2 Peter 1:4 says, "Whereby are given unto us exceeding great and precious promises, that by these ye might be partakers of the divine nature, having escaped the corruption that is in the world through lust."

That means that through the promises of God, we can develop a second nature that goes against our own human survival instinct and selfish nature.  We can be partakers of a second nature.  And that second nature is The Divine Nature.  That's the only way we can escape the corruption of this world.

I began to pray after I had read that book, "God, I want what you say to be written in my heart, so ingrained, so part of me, that it's second nature."  I want to act like Jesus.  I want His Nature!

Whenever I'm around someone that's hurting, I want my second nature to kick in.

Whenever I'm around someone in need, I want my second nature to kick in.

Whenever I'm around something evil, I want my second nature to kick in.

When I'm going through daily, menial chores, I want my second nature to kick in.

When my family is driving me crazy and I want to lash out at them, I want my second nature to kick in.

If a Jew ever knocks on my door asking for help, I want my second nature to kick in.

What are the promises of God Peter is talking about?  If the promises of God are the means by which we are partakers of the Divine Nature then I want to know what those promises are!  I won't pretend to know exactly or limit Peter's words to certain promises.  But there are a couple promises God makes in Scripture that apply here, I believe.  Titus 1:2, for example, says we have hope of eternal life, which God that cannot lie promised before the world began.  So one of those promises has to do with salvation.  And what happens at salvation?  Let's look at another promise of God from the Old Testament.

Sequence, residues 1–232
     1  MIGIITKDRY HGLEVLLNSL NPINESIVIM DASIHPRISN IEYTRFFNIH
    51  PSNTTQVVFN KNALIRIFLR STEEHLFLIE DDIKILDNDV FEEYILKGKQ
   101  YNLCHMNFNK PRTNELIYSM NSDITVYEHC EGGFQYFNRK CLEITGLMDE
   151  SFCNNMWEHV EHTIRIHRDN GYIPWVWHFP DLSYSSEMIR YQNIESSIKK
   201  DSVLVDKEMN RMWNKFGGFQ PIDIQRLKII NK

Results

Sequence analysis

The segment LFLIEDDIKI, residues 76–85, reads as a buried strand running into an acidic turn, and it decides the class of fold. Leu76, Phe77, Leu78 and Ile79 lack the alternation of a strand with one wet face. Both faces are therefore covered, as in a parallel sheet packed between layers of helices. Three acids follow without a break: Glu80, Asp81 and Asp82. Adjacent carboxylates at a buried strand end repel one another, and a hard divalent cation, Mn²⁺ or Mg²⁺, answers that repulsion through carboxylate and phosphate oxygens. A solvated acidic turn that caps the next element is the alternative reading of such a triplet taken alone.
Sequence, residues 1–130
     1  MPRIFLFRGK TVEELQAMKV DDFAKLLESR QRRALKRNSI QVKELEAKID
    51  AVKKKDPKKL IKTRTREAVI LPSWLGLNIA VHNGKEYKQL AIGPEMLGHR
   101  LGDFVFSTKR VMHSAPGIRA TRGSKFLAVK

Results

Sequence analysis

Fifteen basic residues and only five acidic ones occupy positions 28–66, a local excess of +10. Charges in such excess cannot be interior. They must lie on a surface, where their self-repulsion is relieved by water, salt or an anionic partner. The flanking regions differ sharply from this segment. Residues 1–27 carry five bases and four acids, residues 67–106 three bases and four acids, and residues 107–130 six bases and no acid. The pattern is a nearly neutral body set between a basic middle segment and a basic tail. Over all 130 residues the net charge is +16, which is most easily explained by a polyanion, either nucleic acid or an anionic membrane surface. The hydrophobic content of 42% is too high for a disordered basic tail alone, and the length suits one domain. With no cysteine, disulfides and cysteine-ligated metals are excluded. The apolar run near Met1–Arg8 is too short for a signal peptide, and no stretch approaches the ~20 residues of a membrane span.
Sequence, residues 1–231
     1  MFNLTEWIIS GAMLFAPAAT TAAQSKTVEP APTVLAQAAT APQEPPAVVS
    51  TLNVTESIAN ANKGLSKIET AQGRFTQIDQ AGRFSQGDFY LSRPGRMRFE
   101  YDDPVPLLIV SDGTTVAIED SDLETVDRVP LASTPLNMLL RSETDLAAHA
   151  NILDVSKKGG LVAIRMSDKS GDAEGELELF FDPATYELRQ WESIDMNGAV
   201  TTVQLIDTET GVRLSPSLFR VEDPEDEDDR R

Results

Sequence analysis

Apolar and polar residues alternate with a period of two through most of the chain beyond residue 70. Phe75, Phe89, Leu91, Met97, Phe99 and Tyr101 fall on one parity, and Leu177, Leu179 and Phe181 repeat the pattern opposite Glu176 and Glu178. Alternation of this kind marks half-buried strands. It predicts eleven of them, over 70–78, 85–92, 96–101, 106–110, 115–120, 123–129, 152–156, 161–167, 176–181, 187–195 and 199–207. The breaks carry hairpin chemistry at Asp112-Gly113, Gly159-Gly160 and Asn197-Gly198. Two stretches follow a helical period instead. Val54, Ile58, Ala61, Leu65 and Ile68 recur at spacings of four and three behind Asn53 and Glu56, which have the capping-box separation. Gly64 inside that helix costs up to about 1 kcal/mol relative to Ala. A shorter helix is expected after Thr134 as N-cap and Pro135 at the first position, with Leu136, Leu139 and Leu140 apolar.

Jeremiah 31:33  But this shall be the covenant that I will make with the house of Israel; After those days, saith the LORD, I will put my law in their inward parts, and write it in their hearts; and will be their God, and they shall be my people. 
Jeremiah 31:34  And they shall teach no more every man his neighbour, and every man his brother, saying, Know the LORD: for they shall all know me, from the least of them unto the greatest of them, saith the LORD: for I will forgive their iniquity, and I will remember their sin no more. 

Do you grasp the meaning of this?  The LORD is saying that in the new covenant that He's making, He will write His laws on the inward parts of people, in their hearts, so that they won't have to refer back to someone else to know what God wants, because they will know God themselves!  God promises a personal relationship with each individual in which He writes His laws on their hearts.

In other words, His laws become second nature to them.

That's part of what Peter was saying.  By this great and precious promise of God of salvation, we become partakers of The Divine Nature, the very nature of God so that what HE wants becomes second nature to us.  Natural to us, rather than what WE want.

I encourage you to read the rest of the chapter to get context, for the promises God gives us to be able to live this life by His Spirit.  2 Peter chapter 1 is so rich in depth with the practical instruction about how to live life with the character of God growing inside of us.  Diligence is required on our part, make no mistake, but also make no mistake that it is only through the power of the Spirit that we accomplish it.

So I ask again: are God's laws written on your heart so that they are second nature to you?  I ask myself this question over and over.  I pray that God makes it so.  And another of His promises remains true: "Draw near to God and He will draw near to you."  That is the only way we will be able to develop this second nature.